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The Ties That Bind
On the eve of Israel's 62nd birthday, it is easy to get caught up in the political, diplomatic and religious struggles of the state. In this era of a nuclear-ambitious Iran and growing intransigence among Israel's Arab neighbors, these issues are obviously critical. But to focus on them alone misses something much more fundamental -- how we as Jews in the United States relate to the Jewish homeland.
Six decades after the fulfillment of the Zionist dream and the birth of the State of Israel, we must take seriously the ever-dwindling connection that defines our relationship.
This diminishing bond -- particularly, but not exclusively, among younger Jews -- is hardly news. The results of the 2009 "Jewish Population Study of Greater Philadelphia" only confirm what has been documented in numerous national studies: The solidarity that we once took for granted, especially among those who lived through the Holocaust and the nascent years of the state, is no longer automatic.
In our five-county region, the study found a precipitous drop in the level of connection between those over 40 and those under 40. Whereas 45 percent of Jews over 62, and between 40 and 61, said they felt "very" attached the Israel, only 25 percent of Jews under 40 said they felt the same.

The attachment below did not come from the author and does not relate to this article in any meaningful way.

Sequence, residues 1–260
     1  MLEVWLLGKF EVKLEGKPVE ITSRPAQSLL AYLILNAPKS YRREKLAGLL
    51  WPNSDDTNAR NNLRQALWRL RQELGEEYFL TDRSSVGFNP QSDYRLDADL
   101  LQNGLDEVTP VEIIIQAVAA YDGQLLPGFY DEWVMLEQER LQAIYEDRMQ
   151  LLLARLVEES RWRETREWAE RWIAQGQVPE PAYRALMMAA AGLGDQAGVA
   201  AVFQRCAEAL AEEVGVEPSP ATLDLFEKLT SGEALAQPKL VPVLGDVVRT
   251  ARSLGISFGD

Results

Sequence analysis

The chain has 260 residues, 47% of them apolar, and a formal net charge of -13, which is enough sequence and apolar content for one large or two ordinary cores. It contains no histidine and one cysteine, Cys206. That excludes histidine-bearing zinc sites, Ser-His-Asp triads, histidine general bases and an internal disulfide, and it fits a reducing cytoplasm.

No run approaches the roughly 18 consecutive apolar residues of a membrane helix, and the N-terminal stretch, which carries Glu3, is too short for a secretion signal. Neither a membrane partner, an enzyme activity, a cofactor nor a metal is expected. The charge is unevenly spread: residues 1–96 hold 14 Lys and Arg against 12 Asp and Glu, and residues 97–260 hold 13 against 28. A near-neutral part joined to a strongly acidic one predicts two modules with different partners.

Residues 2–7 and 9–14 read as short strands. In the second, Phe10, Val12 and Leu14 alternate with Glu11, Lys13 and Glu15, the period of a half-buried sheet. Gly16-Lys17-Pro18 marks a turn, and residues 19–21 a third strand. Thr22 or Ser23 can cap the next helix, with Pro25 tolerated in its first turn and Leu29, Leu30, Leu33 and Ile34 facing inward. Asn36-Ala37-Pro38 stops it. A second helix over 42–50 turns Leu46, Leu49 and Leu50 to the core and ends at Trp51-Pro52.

The study also confirms what has long been apparent -- the more observant you are, the stronger your connection to Israel is likely to be. It is still the Orthodox community that consistently demonstrates its commitment by sending its youth as a matter of course and visiting with impressive regularity.
With the richness of American Jewish options available for those who care to partake, the axiom of Israel as the sole spiritual center of Jewish life no longer pertains. That, however, in no way diminishes the central importance of Israel to all Jews. It's our living history and our heart wrapped up as one. Anyone who has not experienced it for themselves is missing something essential.
So this Yom Ha'atzmaut, let's pledge to strengthen our connections in ways big and small. Plan a Bar or Bat Mitzvah journey for your family. Sign up for a synagogue, school or organizational mission. Pick from a multitude of summer programs for your teenager, or encourage your college student to get in on Birthright Israel while the best Jewish-identity-building bargain still exists.
While classes and cultural connections also count, there is no substitute for a visit to plant lifelong ties or to solidify them if you've already been. As a community, we need to ensure that cost does not prohibit the ability to take that journey.
Without that reinforcement, we're unlikely to maintain the critical mass of Jews who care enough to stand up for Israel politically and financially. Not only will Israel suffer under such a scenario, we, too, will be bereft of a central component of our Jewish peoplehood -- our link with the State of Israel.